By Eileen Ogintz
Tribune Content Agency
Ready to drive the kids into the lake?
No, I’m not crazy. All you have to do is book a $125 vintage Amphicar ride for the gang at the new Boathouse Restaurant at the newly imagined Disney Springs, which used to be Downtown Disney before its multi-year transformation.
You can tool around the lake, take selfies (who is going to believe you were driving in a lake on purpose?) and then opt for lunch in the Boathouse where you can feast on fish tacos, crab cakes or filet mignon sliders, among other choices, and the kids can order salmon, grilled chicken or a burger that comes in — what else — a plate fashioned to look like a brightly colored vintage car.
You can opt for a food truck or Morimoto Asia (the kids will love the food and the glittering, soaring chandeliers) — or family-friendly pasta at Portobello Country Italian Trattoria where my young cousins happily chowed down on Fettuccine Alfredo. There’s even a vegan, gluten-free, dairy-free place for treats — Bakery NY.
TIP: If you come to Orlando in May and early June, you’ll find some of the best values of the year and fewer crowds. (At VisitOrlando.com/deals, guests can find even more savings on hotels, attractions, restaurants and shopping. Save an additional 5 percent on already discounted attraction tickets at VisitOrlando.com/tickets with the promo code: NFS2016. Offer available until June 15, 2016.)
And remember that beyond Disney Springs, Orlando offers scores of other dining options, whether you want to visit a farmer’s market (every Sunday) fine dining in Winter Park, a haven for foodies or sample Burgushi (a fusion of burger and sushi) at The Cowfish on Universal’s CityWalk. (Kids love the kids’ bento boxes and PB and J sushi rolls.)
You have your pick of shopping, too — from Mouse Ears and a Harry Potter wand to two outlet malls and designer duds at luxury malls, which are some of the highest grossing in the country.
Certainly these days, dining and shopping are tops on travelers’ to-do lists, especially younger travelers and families, according to the just-released MMGY Portrait of American Travelers. They found that significantly more millennials (72 percent) than Xers (66 percent), boomers (60 percent) or Matures (66 percent) find fine dining desirable on vacation these days.
Clearly, Disney has gotten that message loud and clear. And this being Disney, the experience is intricately themed around the story of early Florida — the bubbling springs and natural beauty that first brought settlers who then built the turn-of-the century waterfront towns. Jock’s was the airplane hangar, for example
The Starbucks here serves wine and you can browse the largest Disney Store in the world. No worries if they don’t have your size — use the new Shop Disney Parks app to locate what you want and you can have it delivered to your hotel.
The whole area is eminently walkable (and stroller and wheelchair friendly) from the Town Center to The Landing (How about a gelato at Vivoli Gelataria, only the second location outside of Florence? Or a dim sum at Morimoto Asia. The pork bao steamed bun with pork belly was amazing!)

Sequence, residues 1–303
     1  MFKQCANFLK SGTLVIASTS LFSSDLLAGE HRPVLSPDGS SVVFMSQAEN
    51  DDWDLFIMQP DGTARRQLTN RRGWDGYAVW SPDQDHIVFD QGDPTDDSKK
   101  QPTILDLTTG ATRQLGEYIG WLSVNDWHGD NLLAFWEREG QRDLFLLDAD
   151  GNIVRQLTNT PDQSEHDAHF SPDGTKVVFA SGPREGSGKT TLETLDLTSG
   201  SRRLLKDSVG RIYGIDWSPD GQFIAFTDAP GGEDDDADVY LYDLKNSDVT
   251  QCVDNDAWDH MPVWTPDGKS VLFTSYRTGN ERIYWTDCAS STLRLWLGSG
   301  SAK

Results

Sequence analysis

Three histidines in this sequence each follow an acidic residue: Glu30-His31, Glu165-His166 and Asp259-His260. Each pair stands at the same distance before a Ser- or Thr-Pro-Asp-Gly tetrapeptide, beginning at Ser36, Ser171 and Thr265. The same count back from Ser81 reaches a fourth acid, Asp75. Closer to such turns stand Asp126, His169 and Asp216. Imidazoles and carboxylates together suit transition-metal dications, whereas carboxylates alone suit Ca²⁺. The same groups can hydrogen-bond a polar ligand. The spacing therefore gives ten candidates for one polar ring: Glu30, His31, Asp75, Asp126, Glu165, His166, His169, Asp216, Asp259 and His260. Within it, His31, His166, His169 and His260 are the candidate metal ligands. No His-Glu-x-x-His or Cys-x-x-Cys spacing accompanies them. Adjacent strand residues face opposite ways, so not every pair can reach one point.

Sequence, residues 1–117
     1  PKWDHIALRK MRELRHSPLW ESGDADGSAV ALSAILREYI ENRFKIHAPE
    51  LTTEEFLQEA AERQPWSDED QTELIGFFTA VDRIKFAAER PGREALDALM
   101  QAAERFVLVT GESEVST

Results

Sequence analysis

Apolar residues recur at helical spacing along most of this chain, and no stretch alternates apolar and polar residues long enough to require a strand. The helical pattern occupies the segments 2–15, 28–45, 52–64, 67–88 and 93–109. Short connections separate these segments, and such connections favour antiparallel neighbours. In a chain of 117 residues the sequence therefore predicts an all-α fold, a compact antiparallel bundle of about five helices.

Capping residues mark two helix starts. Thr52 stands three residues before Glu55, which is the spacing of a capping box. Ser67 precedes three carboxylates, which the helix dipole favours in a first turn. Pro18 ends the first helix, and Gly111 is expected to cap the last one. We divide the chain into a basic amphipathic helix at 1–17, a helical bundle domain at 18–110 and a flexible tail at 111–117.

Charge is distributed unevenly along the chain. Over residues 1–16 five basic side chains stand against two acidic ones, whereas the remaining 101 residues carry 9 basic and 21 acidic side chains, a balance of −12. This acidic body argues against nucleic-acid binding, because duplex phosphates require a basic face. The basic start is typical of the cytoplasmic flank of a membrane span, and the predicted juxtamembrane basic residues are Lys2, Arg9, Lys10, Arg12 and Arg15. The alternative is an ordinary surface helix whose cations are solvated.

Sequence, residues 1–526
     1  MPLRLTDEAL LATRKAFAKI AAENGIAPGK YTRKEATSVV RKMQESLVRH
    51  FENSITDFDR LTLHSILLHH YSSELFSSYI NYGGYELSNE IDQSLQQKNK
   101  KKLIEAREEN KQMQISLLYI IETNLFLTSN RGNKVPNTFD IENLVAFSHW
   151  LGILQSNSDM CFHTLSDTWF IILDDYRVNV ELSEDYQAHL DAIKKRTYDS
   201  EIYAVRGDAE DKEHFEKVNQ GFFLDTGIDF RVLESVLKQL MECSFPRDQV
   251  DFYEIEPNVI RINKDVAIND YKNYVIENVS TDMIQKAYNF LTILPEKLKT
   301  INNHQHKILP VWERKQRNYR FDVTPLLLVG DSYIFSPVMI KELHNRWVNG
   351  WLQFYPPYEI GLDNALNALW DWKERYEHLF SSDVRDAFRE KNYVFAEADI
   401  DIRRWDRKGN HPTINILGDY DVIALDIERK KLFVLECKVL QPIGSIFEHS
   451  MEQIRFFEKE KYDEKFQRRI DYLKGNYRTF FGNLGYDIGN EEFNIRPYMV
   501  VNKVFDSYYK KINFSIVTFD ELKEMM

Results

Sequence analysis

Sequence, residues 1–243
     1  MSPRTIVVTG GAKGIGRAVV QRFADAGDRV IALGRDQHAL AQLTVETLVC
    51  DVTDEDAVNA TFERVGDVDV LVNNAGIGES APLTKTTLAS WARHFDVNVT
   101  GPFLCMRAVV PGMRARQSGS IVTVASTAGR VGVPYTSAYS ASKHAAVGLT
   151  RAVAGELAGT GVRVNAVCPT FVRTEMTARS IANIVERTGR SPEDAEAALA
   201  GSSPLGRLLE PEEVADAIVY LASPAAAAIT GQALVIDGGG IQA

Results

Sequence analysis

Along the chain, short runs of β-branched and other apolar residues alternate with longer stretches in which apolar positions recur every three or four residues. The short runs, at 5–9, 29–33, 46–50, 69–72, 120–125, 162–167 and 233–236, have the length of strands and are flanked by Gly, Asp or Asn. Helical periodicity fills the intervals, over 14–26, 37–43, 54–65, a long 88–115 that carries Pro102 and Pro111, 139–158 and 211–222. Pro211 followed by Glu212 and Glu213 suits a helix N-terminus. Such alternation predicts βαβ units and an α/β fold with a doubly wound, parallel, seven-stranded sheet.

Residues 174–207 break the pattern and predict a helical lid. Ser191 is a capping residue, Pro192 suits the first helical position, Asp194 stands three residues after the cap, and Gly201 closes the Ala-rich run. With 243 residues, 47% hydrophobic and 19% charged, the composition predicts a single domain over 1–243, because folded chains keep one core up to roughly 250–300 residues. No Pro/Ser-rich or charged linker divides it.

The West Side offers new elevated spaces with both shade and a vantage point to all the action. This is where you will find Cirque du Soleil with new acts (B-Boy — acrobatic tricks set to music), food trucks and Splitsville, which may be the fanciest bowling alley you’ve ever seen.
You may recall Pleasure Island, which was designed for adults. That’s gone. It has been replaced by the kid-friendly Market Place with all kinds of themed restaurant and bar options. You’ll find themed dining and drinking options wherever you are in Disney Springs. Think sipping a drink at Dockside Margaritas while the kids dance to live music or a specialty cocktail while the kids have mocktails and sliders at Jock Lindsey’s Hangar Bar, themed to Indiana Jones, or Sprinkles with its cupcake ATM machines. Watch the chocolatiers at work at The Ganachery.
Ready to shop till you drop? The kids can make their own Mr. Potato Head or a droid at Once Upon a Toy, customize a T-shirt at Disney Design-a-Tee or create a personalized phone case. Let’s not forget the chance to browse at the Super Hero headquarters and Star Wars Galactic Outpost or for the kids to play at the Lego Store where there is an entire wall to choose bricks in all different shapes and colors. Perhaps personalized flip-flops from Hats or personalized flip-flops at Havaianas. By this summer, there will be more than 60 third-party retailers in the Town Center neighborhood — everyone from Lilly Pulitzer to Uniglo.
There are live performances during the day and evening at the Waterside Stage, a carousel and even the chance to lift off in a tethered balloon. Characters in Flight rises from the banks of Village Lake for 360-degree views (on a clear day you can see Florida’s east coast).
Book your little princess the new “Frozen” package at the Bibbidi Bobbidi Boutique where people make reservations months in advance.
There are plenty of new Orlando attractions this summer — Frozen Ever After at Epcot, Skull Island: Reign of Kong at Universal Orlando Resort and Mako at SeaWorld Orlando. Disney’s Animal Kingdom will show off its attractions this summer for the first time at night.
But as much as you may love the parks, everyone needs a break. And you may stave off the kids from wanting souvenirs everywhere they go, if you promise plenty of time shopping, followed by a fun dinner at Disney Springs.
That’s assuming you can decide on a restaurant. If not, there are always food trucks!
If you’re going to Orlando, check out Eileen’s Kid’s Guide to Orlando. And for more Taking the Kids, visit ttk-old.o2dev.net and follow @takingthekids on Twitter, Facebook and Instagram.
© 2016 EILEEN OGINTZ
DISTRIBUTED BY TRIBUNE CONTENT AGENCY, LLC.